Page:Popular Science Monthly Volume 79.djvu/63

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59
HUMAN SPEECH

may exert upon another, generally summed up in the word borrowing, are also apt to be of importance. As a rule such influence is limited to the taking over or borrowing of certain words of one language by another, the phonetic form of the foreign word almost always adapting itself to the phonetic system of the borrowing language. Besides this very obvious sort of influence, there are more subtle ways in which one language may influence another. It is a very noteworthy phenomenon that the languages of a continuous area, even if genetically unrelated and however much they may differ among themselves from the point of view of morphology, tend to have similar phonetic systems or, at any rate, tend to possess certain distinctive phonetic traits in common. It can not be accidental, for instance, that both the Slavic languages and some of the neighboring but absolutely unrelated Ural-Altaic languages (such as the Cheremiss of the Volga region) have in common a peculiar dull vowel, known in Russian as yerí, and also a set of palatalized or so-called "soft" consonants alongside a parallel set of unpalatalized or so-called "hard" consonants. Similarly, we find that Chinese and Siamese have in common with the unrelated Annamite and certain other languages of Farther India a system of musical accent. A third very striking example is afforded by a large number of American Indian linguistic stocks reaching along the Pacific coast from southern Alaska well into California and beyond, which have in common peculiar voiceless l-sounds and a set of so-called "fortis" consonants with cracked acoustic effect. It is obvious that in all these cases of comparatively uniform phonetic areas embracing at the same time diverse linguistic stocks and types of morphology we must be dealing with some sort of phonetic influence that one language may exert upon another. It may also be shown, though perhaps less frequently, that some of the morphologic traits of one language may be adopted by a neighboring, sometimes quite unrelated, language, or that certain fundamental grammatical features are spread among several unrelated linguistic stocks of a continuous area. One example of this sort of influence will serve for many. The French express the numbers 70, 80 and 90, respectively, by terms meaning 60-10, 4 twenties and 4 twenties 10; these numerals, to which there is no analogy in Latin, have been plausibly explained as survivals of a vigesimal method of counting, that is counting by twenties, the numbers above 20, a method that would seem to have been borrowed from Gallic, a Celtic language, and which still survives in Gaelic and other modern Celtic languages. This example is the more striking as the actual lexical influence which Celtic has exerted upon French is surprisingly small. So much for the influence of borrowing on the history of a language.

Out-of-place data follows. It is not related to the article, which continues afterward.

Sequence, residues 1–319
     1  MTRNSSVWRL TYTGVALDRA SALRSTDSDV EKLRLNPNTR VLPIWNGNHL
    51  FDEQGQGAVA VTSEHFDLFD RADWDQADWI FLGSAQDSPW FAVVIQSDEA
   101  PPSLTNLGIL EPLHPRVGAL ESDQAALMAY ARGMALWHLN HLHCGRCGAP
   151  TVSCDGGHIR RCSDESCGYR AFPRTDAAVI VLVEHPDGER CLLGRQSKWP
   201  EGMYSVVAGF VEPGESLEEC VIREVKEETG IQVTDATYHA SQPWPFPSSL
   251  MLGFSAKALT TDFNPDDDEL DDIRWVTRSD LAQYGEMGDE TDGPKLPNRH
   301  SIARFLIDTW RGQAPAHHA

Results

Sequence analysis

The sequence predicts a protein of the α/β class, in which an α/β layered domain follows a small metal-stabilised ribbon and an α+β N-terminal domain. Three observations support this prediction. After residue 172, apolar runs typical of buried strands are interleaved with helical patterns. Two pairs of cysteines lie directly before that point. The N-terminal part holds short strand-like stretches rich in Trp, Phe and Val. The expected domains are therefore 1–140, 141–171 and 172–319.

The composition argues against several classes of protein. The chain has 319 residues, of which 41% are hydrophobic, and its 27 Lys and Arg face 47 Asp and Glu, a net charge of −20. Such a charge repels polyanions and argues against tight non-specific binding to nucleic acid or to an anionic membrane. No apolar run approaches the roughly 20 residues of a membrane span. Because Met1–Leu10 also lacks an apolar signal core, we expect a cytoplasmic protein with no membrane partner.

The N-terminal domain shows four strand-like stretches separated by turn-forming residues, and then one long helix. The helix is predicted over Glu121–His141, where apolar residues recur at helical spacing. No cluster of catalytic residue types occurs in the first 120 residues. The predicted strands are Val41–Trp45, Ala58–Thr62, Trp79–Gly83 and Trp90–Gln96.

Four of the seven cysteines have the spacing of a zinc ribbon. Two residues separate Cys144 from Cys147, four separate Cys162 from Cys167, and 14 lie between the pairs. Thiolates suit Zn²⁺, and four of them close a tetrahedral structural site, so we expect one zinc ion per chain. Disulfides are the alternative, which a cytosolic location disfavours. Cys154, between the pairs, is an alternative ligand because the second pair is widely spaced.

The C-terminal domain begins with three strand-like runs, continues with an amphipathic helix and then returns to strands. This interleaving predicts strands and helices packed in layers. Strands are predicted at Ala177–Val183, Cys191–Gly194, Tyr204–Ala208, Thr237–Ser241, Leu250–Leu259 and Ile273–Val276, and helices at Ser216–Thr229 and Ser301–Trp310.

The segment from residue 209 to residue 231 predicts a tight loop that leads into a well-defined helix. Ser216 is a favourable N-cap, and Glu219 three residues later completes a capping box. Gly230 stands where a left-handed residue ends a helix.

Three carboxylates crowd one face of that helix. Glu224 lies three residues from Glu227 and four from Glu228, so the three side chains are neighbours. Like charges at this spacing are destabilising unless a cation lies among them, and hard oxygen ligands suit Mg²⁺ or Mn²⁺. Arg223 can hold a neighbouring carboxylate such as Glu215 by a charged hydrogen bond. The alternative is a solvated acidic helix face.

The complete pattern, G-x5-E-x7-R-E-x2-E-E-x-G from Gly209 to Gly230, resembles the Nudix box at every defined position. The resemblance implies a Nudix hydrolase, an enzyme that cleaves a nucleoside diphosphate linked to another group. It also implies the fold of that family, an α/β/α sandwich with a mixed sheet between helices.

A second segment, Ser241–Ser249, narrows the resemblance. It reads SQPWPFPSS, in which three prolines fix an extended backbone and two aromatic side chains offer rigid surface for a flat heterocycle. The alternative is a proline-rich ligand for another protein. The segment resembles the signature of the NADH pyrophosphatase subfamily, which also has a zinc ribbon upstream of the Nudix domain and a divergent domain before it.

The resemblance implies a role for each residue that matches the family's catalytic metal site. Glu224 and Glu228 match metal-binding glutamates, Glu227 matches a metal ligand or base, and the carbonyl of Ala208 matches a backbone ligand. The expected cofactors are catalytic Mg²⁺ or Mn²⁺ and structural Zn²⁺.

We may turn now to take up the matter of the varieties of human speech. One method of classifying the languages of the world has been